BIG BANKS will have to boost deposit taking and may cut back on long-term loans to comply with a new liquidity measure imposed by the central bank, analysts at BMI Research said.
In a report released over the weekend, the Fitch unit said the Net Stable Funding Ratio (NSFR) which took effect this month would put some pressure on funding costs incurred by lenders.
The NSFR requires universal and commercial banks to hold enough “reliable” sources of funding to cover their “expected and unexpected cash flows and collateral needs” during day-to-day operations projected over a one-year period.
“In general, we believe that banks will likely be forced to cut back on short-term wholesale funding and raise deposit rates to attract more retail deposits, which could see funding costs increase over the coming quarter,” BMI said in its report.
The research firm said the new requirement is “positive for financial stability over the long-run,” but banks are likely to bear bigger costs as they make the transition in securing more permanent, reliable funding.
“The rationale is to limit structural maturity mismatches and to reform the asset and liability structures of banks to make them less prone to cyclical factors,” BMI said.
“Nevertheless, we expect Philippines banks to feel some pinch in the short term in the form of higher transition and funding costs as they adjust their balance sheets in order to comply with the new standard.”
The Bangko Sentral ng Pilipinas (BSP) has set July-December as the observation period to facilitate smooth transition and “allow prompt assessment and calibration” of the new prudential tool.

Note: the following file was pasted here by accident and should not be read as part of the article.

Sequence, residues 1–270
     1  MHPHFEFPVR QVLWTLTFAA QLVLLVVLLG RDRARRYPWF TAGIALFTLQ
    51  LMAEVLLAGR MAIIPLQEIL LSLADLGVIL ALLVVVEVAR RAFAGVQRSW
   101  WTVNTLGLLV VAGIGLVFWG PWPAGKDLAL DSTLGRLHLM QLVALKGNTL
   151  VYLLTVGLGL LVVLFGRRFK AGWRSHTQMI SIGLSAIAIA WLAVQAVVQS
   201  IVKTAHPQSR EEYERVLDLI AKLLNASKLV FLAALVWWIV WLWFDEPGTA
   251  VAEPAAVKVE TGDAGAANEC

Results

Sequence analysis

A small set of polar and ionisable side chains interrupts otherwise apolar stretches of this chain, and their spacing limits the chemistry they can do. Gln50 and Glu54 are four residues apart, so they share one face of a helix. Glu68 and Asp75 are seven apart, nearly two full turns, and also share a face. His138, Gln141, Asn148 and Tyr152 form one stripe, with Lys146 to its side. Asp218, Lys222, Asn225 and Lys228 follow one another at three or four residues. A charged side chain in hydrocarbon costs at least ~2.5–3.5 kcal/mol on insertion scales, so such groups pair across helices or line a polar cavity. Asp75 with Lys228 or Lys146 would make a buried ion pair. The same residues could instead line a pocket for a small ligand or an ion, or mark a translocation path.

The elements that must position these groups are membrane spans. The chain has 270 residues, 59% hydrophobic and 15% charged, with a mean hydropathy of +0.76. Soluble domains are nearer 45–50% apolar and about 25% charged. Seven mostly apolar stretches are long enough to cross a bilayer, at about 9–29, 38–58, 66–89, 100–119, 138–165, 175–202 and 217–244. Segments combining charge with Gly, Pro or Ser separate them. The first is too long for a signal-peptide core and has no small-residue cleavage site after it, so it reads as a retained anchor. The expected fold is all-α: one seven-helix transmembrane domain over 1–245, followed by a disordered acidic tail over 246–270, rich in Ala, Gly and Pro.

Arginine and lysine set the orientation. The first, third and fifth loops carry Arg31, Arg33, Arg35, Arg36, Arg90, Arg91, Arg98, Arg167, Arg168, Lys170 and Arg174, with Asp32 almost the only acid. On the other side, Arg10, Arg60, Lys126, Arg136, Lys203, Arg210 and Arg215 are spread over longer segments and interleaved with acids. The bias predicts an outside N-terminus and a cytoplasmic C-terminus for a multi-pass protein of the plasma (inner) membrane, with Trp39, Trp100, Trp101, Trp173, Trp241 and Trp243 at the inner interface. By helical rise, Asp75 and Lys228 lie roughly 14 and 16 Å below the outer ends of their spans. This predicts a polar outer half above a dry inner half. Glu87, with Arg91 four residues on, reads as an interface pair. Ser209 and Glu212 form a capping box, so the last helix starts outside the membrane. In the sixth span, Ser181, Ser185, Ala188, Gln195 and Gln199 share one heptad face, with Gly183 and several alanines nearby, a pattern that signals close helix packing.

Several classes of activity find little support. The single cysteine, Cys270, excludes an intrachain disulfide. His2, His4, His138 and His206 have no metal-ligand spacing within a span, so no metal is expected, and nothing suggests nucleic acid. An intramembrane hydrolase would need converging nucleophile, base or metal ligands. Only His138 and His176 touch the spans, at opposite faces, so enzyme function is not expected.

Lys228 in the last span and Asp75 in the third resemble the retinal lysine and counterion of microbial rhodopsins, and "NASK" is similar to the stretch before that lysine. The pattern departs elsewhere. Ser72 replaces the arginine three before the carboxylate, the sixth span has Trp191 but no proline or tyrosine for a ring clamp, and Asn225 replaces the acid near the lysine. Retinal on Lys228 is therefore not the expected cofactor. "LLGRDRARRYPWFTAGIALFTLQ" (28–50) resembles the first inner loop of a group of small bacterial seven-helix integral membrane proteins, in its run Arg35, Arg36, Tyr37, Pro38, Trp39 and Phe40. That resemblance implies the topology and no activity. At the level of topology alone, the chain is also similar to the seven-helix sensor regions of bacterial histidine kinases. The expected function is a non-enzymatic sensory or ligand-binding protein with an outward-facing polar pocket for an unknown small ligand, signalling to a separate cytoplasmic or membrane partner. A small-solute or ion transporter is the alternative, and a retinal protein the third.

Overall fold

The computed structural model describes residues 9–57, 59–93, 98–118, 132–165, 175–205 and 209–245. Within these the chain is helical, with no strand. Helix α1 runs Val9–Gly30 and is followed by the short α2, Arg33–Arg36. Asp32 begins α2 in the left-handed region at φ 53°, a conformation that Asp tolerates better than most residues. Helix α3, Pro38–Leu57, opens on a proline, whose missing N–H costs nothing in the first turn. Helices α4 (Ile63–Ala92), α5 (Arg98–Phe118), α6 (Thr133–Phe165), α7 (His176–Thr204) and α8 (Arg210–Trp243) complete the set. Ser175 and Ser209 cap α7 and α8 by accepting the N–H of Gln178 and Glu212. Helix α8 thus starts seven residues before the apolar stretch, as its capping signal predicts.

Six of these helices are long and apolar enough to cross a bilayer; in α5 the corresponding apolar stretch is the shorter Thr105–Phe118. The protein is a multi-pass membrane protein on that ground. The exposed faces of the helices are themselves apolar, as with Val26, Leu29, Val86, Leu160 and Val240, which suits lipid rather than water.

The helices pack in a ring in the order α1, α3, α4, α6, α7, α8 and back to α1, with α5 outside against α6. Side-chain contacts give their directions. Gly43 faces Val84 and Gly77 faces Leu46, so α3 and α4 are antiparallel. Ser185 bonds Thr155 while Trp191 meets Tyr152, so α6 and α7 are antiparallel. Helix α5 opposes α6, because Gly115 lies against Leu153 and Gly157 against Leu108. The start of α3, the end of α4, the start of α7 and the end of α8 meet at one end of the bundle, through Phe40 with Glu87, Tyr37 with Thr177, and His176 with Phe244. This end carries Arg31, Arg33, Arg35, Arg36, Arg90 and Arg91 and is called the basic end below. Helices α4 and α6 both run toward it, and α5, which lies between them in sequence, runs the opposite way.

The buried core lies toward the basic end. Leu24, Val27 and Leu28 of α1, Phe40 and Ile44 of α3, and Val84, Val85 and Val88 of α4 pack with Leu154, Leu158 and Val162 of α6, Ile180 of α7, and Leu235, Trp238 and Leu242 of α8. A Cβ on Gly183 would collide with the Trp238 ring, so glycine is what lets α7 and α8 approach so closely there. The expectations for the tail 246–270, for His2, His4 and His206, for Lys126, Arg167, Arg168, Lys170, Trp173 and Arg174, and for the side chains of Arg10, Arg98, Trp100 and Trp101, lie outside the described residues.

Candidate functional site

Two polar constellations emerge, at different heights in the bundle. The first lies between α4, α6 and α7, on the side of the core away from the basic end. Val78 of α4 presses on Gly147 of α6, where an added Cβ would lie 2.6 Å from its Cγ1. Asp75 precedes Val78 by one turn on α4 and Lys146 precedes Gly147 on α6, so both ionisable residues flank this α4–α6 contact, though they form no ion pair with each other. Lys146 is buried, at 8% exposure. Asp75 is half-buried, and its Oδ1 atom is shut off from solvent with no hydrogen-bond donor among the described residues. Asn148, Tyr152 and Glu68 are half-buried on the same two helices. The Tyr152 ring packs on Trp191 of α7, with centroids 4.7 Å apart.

Banks that fall short of the standard must come up with funding plans or remedies to boost their pool of liquid assets.
By Jan. 1 next year banks unable to meet full coverage will face sanctions from the BSP.
Test runs conducted by the regulator showed that big banks are generally able to comply with the new rule, BSP Governor Nestor A. Espenilla, Jr. previously said.
BMI said banks will likely issue debt papers beyond a one-year maturity in order to meet the NSFR, which in turn could push market yields up.
Banks could also turn away from long-term loans which would require them to hold more buffers for an extended period.
“This may see banks cut back on long-term lending, undermining banks’ traditional role in liquidity and maturity transformation in the economy,” the research outfit said.
“This poses downside risks to economic growth in the Philippines given that the country has an underdeveloped capital markets and businesses rely more on banks for long-term financing.”
The NSFR augments the Liquidity Coverage Ratio, which requires big banks to hold high-quality, easily convertible assets to cover projected net cash outflows over a 30-day period. These form part of the tighter regulatory standards under the Basel 3 regime which seek to improve risk management and prevent a repeat of the 2008 Global Financial Crisis.
Moody’s Investors Service has said that the new tool will be “credit positive” for banks, as it will ensure resilience despite periods of financial stress. — Melissa Luz T. Lopez